In the 1990s, the folded unipole antenna was touted by many to be the savior of AM radio. There were many claims that a folded unipole antenna did not need a complicated ground system, a simple ground rod at the base of the tower would work fine. That turned out to be not exactly the case. Kintronic did a study (.pdf) that basically dispelled that notion, along with several others. The folded unipole antenna performed within a few percentage points of a series-fed tower under the same testing conditions.
Folded unipoles do have the advantage of a grounded tower. Grounded towers have a distinct advantage in lightning-prone areas, such as central Florida. I can attest through my own experience, a series-fed tower is much more likely to induce lightning damage to a transmitter or ATU. Folded unipole tower systems can also be used to co-locate other antennas, such as STL, cellular, PCS, etc. Making some extra rental money on an AM tower is not a bad way to go.
I began fooling around with MANNA-GAL, which is a NEC-2-based program. It is a free ham radio program, so it is a little clunky to use and it took a while to figure out, but once I did, it is fun. I modeled a unipole antenna for medium wave use and the results are pretty interesting. First of all, I drew out X-Y part of the system on graph paper because the program requires all wires (elements) to be entered in a coordinate-based format. The Z axis is the tower, since there is only one of those, that was easy. I played around with series vs. unipole systems and the results were fairly close to what they are supposed to be. One of the nice things about MANNA-GAL is it allows the user to change the ground conditions. To add a unipole to the tower, I put 3 wires spaced one to two meters away from the primary Z-axis wire, connected them to the top of the tower, and changed the drive point to the skirt wires.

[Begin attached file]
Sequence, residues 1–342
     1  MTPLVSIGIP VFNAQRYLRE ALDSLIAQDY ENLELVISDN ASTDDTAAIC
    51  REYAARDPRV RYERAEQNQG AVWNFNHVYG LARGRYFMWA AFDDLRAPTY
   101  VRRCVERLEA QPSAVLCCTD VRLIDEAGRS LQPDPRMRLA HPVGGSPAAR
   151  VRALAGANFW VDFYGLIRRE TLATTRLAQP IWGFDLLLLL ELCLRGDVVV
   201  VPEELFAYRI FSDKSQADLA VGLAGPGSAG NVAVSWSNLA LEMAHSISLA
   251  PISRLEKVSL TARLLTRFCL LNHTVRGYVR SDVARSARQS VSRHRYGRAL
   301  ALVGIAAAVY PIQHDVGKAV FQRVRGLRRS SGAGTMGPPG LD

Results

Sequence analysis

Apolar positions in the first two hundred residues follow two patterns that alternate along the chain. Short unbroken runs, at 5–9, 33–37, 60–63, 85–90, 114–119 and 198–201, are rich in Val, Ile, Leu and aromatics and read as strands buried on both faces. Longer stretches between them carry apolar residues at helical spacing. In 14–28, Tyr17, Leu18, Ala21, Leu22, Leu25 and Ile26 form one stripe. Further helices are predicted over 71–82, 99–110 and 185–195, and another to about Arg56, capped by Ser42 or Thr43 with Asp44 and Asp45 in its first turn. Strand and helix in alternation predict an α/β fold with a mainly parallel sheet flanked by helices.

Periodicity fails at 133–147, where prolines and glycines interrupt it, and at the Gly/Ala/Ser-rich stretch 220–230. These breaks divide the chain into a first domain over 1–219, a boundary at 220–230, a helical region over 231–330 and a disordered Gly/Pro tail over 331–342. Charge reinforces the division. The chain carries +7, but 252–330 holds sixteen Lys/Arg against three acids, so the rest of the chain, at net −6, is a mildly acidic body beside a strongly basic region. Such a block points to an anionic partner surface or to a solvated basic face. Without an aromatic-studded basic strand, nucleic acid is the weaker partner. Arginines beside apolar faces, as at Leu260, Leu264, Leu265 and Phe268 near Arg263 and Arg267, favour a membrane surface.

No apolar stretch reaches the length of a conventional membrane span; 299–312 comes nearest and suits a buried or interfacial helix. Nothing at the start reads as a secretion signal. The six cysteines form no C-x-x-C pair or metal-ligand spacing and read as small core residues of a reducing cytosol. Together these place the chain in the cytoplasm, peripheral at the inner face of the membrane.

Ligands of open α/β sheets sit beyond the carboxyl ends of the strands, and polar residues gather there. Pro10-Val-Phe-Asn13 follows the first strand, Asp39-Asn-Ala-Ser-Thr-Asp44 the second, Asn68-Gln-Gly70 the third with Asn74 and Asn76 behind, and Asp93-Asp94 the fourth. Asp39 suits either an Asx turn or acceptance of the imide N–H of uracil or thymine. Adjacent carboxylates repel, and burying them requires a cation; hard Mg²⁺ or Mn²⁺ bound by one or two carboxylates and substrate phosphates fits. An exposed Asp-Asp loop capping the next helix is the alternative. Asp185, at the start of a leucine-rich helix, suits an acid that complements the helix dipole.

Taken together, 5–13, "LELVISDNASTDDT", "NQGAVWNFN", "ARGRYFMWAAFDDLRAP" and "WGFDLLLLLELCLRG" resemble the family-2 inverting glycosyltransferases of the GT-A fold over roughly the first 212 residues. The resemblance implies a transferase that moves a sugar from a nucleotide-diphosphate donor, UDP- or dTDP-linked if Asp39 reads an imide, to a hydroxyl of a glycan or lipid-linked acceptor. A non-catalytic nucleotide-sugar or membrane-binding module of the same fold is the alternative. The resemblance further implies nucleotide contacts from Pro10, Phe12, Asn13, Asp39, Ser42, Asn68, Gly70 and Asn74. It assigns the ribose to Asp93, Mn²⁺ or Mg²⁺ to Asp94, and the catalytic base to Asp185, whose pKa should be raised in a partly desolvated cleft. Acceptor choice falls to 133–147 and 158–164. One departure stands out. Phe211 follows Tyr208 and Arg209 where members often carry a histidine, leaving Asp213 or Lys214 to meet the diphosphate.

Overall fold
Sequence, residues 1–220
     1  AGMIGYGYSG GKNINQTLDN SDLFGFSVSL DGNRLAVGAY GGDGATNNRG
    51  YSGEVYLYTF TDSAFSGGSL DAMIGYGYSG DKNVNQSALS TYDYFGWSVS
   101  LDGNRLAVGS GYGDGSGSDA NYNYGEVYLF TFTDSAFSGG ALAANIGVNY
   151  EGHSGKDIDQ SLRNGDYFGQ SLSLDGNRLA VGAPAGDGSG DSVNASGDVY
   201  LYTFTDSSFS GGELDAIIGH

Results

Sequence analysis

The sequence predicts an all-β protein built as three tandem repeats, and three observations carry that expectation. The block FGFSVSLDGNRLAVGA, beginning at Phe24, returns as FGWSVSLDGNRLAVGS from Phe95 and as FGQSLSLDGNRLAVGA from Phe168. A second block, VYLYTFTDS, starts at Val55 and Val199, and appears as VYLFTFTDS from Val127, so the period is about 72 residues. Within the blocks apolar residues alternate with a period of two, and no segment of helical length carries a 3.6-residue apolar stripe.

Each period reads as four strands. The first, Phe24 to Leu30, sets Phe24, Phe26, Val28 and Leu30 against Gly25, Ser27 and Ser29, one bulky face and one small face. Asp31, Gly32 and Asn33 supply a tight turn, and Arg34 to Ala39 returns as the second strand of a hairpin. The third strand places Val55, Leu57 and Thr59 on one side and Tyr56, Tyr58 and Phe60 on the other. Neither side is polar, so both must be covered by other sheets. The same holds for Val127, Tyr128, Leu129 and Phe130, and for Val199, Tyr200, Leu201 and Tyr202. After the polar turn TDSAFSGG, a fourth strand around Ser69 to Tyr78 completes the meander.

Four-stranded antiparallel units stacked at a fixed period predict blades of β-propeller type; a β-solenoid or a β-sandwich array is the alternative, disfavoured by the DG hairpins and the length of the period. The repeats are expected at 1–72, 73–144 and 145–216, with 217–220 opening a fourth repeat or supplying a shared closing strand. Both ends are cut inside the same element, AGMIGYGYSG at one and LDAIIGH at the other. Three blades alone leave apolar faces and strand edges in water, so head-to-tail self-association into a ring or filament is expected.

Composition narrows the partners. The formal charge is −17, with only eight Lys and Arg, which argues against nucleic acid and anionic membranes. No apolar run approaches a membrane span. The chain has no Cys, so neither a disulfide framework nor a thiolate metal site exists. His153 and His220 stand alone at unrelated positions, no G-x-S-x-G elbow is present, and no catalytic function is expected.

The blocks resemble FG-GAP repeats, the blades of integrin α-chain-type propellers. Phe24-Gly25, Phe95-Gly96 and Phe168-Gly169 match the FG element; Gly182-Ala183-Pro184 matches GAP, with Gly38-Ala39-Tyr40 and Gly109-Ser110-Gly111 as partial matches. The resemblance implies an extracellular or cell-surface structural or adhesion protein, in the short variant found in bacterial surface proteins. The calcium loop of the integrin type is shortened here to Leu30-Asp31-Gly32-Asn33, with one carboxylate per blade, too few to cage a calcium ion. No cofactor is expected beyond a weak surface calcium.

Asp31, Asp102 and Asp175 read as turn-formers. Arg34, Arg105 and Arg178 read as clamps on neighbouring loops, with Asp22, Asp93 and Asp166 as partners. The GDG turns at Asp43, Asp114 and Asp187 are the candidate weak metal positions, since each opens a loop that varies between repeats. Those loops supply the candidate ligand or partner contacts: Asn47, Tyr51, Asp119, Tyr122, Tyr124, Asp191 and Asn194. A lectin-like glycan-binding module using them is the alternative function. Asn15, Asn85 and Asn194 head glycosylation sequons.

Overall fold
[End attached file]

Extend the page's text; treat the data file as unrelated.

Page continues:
The interesting part is when I added an above-ground counterpoise instead of a buried radial ground system. I think Ron Nott, of Nott, ltd. did much of this work too. What I found was that with between 5 – 10 above-ground radials of 90 degrees or greater, the efficiencies are within about 10 percent of theoretical for a 120-buried radial system. Again, the ground conductivity plays a big role in this, poor ground conductivity will reduce efficiencies equally for both systems.
As the tower height approaches 110 degrees or so, depending on the spacing from the tower of the skirt wires, the bandwidth really starts to open up. At 110 degrees the base impedance is about 120 ohms with about 80 ohms inductive reactance. Both the impedance and reactance slope slightly upward with frequency but are linear +/- 50 KHz of the carrier. This slight asymmetrical sideband distribution can be easily canceled out in the ATU with a few degrees of negative phase shift through the T network.
Again, all of this is theoretical, but I have found that NEC is usually within +/- 10% of real-world values. It is difficult to get a handle on ground conductivity unless measurements are taken. Even from season to season, that can change.
The above-ground counterpoise requires a partial proof, according to FCC 73.186. If this were a directional station, this would be required anyway. For a non-directional station, it is pretty easy, for six radials, it would probably take about one to two days of driving around with a FIM 41. The other consideration is public exposure to RFR from the radials. This can easily be measured with a NARDA meter. More radials will spread the induced currents out more, for higher-powered stations, 10 above-ground radials might be required.
There are several radio stations in the country that are successfully using above-ground counterpoises. It seems to be a good system and requires much less material and labor to install than the traditional ground system.
Therefore, if I were designing a new AM station, I’d use a grounded tower between 105 and 110 degrees with a unipole and 6 above-ground radials 90 degrees or greater.